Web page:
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Phrasal verbs are divided into transitive and intransitive



Phrasal verbs are divided into transitive and intransitive, like all verbs and they can be separable or inseparable. Intransitive phrasal verbs don't take objects and they are inseparable. Transitive verbs take objects and can be separable or inseparable. 

BACK UP means to:

1. give support to someone by telling other people that you agree with them.

"If I ask for more money will you back me up?"

When you support somebody in a conflict, you back them up. By backing somebody up you give moral or psychological support, aid, or courage to them.

"Don't worry. I will back you up when you need me." 

2. say that someone is telling the truth.

"Will you back me up if I say that I never saw him?"

When you make a statement and then show people evidence proving it's true, establishing it as valid or genuine, you back it up.

"The IRS asked me for some receipts to back up my deductions."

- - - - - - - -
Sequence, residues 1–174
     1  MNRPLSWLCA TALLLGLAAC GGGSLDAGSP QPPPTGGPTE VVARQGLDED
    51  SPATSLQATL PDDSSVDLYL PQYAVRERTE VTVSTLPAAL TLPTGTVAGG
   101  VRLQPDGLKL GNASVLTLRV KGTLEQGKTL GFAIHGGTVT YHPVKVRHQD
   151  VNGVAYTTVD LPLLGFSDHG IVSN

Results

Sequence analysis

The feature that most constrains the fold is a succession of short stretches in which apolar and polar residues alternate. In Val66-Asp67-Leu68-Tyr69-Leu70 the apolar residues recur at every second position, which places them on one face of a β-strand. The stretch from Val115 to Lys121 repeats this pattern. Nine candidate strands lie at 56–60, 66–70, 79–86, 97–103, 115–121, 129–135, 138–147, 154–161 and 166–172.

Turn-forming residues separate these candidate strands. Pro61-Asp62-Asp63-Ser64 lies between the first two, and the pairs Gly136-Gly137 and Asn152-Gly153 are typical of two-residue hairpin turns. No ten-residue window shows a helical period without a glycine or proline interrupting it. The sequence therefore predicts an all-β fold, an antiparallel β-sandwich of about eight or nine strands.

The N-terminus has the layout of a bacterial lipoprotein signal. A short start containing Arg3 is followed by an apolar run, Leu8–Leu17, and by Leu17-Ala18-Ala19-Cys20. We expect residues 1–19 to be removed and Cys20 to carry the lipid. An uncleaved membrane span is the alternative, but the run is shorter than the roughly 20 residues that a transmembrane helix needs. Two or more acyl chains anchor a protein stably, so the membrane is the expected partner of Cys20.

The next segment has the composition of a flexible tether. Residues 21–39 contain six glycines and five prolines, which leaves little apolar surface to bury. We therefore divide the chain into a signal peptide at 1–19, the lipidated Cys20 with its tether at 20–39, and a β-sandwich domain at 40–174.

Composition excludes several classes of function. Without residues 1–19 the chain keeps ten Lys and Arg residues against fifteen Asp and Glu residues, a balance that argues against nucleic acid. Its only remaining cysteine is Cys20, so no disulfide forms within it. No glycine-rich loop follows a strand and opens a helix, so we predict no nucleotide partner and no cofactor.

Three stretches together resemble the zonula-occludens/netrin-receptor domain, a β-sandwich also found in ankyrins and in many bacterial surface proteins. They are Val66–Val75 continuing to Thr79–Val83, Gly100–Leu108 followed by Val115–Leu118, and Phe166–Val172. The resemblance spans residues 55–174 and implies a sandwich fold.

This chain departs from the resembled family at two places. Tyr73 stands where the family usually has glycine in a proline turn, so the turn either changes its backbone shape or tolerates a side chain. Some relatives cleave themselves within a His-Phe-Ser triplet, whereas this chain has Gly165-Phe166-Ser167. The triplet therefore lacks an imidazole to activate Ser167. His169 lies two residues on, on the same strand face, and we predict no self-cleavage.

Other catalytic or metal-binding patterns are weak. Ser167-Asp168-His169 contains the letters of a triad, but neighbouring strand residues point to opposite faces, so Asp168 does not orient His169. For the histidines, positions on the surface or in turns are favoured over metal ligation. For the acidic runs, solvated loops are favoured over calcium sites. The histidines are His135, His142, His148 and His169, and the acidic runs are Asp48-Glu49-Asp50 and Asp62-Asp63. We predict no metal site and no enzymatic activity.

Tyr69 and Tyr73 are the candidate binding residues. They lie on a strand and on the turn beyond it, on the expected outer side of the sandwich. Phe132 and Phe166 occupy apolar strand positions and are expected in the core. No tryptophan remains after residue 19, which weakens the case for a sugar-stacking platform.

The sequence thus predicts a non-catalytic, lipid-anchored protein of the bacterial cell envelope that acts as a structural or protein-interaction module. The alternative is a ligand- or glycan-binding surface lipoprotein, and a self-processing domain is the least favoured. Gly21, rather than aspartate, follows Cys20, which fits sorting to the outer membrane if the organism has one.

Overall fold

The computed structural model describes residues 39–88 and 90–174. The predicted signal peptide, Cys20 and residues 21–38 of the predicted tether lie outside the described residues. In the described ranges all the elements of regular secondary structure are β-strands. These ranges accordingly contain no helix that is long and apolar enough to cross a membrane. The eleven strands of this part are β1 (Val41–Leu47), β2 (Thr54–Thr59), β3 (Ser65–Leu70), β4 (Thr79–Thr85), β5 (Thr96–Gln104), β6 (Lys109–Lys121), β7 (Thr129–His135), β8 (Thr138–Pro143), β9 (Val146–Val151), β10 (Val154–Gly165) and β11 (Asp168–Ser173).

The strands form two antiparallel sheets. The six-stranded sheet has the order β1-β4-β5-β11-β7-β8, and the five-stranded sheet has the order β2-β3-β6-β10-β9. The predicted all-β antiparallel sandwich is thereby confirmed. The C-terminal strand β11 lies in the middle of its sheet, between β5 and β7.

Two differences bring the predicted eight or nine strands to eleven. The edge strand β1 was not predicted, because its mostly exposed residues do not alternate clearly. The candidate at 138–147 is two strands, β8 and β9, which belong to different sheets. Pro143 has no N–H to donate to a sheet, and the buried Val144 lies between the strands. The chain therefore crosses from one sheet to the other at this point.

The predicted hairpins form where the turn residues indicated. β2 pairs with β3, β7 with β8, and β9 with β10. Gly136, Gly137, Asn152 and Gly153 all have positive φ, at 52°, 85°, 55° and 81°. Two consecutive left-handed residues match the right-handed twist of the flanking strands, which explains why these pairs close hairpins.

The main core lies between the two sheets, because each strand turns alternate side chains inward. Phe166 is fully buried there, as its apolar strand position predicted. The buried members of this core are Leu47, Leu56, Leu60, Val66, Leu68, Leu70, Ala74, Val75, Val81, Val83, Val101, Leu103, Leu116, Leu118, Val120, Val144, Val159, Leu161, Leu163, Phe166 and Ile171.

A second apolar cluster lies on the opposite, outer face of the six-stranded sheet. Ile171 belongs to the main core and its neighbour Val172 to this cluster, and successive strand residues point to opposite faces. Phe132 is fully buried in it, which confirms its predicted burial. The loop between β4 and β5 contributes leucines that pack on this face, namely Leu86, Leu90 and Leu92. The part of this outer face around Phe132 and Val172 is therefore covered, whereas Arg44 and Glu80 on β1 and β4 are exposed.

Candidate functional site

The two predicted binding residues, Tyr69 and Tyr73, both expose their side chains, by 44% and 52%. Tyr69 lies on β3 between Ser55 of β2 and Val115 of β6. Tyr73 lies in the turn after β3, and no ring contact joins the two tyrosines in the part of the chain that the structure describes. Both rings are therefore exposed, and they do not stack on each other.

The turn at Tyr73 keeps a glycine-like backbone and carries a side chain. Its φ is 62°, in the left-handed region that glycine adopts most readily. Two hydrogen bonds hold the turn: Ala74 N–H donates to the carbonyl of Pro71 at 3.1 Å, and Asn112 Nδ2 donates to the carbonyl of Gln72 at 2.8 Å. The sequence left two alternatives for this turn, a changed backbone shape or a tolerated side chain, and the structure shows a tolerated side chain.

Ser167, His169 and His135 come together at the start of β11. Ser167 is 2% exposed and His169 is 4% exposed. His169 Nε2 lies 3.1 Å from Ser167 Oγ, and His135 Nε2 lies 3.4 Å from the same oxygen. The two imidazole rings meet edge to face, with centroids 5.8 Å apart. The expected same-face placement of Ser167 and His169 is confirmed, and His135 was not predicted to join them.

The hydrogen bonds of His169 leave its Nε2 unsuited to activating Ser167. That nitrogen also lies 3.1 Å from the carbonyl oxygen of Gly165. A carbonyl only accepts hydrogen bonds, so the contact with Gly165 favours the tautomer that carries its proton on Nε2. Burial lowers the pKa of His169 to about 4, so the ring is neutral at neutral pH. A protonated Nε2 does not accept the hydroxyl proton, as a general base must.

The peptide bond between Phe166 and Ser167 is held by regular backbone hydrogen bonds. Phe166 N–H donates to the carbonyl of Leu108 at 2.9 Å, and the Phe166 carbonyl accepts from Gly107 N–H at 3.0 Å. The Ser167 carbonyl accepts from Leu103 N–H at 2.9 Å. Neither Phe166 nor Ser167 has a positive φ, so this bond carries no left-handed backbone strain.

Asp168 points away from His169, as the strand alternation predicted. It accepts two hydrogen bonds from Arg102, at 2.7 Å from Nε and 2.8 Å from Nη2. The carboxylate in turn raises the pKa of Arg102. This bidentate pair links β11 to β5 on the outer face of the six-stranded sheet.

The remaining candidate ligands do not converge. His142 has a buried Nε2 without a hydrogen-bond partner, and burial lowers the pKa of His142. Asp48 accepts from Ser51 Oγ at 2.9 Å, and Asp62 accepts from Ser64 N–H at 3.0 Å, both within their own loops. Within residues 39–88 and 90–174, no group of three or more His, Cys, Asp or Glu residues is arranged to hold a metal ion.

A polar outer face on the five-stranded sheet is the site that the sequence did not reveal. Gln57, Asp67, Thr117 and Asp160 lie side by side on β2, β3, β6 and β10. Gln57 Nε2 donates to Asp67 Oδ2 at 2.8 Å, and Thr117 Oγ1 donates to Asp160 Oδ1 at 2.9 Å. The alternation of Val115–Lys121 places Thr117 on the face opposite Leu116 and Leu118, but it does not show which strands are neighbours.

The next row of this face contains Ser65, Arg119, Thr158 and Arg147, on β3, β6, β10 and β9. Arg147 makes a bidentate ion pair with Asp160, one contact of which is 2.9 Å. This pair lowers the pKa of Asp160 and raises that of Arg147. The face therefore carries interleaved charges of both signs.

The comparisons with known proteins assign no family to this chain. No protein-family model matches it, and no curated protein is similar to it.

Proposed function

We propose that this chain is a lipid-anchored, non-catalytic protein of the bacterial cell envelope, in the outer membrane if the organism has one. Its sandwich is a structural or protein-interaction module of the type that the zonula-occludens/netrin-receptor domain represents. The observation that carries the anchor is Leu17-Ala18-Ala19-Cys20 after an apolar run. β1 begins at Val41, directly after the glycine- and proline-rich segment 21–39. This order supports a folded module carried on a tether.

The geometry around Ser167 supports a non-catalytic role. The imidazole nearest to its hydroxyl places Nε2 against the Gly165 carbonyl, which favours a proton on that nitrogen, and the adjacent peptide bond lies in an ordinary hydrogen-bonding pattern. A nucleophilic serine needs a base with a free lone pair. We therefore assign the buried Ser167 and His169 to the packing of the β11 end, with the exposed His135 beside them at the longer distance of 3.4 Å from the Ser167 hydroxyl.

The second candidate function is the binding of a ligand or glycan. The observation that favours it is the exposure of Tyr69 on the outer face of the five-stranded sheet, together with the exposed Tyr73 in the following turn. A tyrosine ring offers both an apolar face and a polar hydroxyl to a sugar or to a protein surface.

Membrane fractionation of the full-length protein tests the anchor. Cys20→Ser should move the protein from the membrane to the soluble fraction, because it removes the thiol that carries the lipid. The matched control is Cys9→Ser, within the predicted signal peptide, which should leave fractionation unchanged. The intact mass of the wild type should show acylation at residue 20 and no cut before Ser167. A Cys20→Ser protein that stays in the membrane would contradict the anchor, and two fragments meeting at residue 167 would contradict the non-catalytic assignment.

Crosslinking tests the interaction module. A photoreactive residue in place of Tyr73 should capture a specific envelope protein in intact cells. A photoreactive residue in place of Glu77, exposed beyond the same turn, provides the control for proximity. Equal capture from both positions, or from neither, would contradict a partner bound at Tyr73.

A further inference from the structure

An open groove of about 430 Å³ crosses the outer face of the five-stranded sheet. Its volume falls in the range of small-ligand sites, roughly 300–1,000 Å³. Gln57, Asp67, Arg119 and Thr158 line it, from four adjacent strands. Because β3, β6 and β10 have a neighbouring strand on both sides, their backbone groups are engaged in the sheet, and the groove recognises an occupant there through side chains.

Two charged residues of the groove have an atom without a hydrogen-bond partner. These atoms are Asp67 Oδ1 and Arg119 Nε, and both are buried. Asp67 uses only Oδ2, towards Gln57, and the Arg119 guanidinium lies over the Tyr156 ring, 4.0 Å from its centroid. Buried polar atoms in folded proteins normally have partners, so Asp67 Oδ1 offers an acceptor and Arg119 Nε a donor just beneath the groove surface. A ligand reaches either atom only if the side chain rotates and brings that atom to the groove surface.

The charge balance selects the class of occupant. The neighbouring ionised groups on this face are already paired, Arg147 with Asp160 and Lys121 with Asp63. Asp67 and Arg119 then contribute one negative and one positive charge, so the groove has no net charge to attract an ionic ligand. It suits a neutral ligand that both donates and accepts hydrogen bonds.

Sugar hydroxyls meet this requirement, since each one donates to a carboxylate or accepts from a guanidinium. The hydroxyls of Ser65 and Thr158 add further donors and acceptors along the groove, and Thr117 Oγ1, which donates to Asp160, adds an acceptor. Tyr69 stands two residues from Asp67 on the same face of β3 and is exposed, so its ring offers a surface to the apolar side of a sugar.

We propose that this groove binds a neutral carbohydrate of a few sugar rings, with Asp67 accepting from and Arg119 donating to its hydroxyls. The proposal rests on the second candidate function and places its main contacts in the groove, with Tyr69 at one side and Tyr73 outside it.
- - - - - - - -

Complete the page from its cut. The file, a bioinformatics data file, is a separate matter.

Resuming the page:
3. be someone's substitute; be in reserve.

"We've got three other drivers to back him up."

4. make a backup (a copy of a file or other item of data) in case the original is lost or damaged. You'd better back up your files.

"We back up our files on a disk every day."

NOTE: the direct object of a separable verb can be put either between the verb and the particle, or after the verb. However, when it is a pronoun (me, you, him, etc), it goes in the middle: 'Will you back me up?' (NOT 'back up me').

"All the evidence backs up her story/backs her story up/backs it up."

5. cause to accumulate or undergo accumulation; become or cause to become obstructed. Typically said of vehicles and running water. 

"Some dead branches and leaves can back the sewer up."

If a toilet, sink, or drain backs up, or if it is backed up, water cannot flow through it because something is blocking it.

"The water pipe is backed up again." 

If traffic backs up, or if it is backed up, the vehicles are in a long line and waiting to continue moving.

"The accident backed the traffic up for blocks."

If a system backs up, or it is backed up, it has slowed down or stopped working because there is too much of something for it to deal with.

"Orders are really backed up this month."

6. walk backward or drive a vehicle in reverse. You should use both side and rear mirrors when you back up your car.

"Will you back your car up a little?" 

7. refuse to go through with something; to back out (of something). 

"Fred backed up at the last minute, leaving me to do the job alone."

Unfortunately, you can't just take a look at a random phrasal verb and know what type it is. Each one should be learned in context. Look it up in a dictionary and then come up with your own sentences for situations you can relate to.

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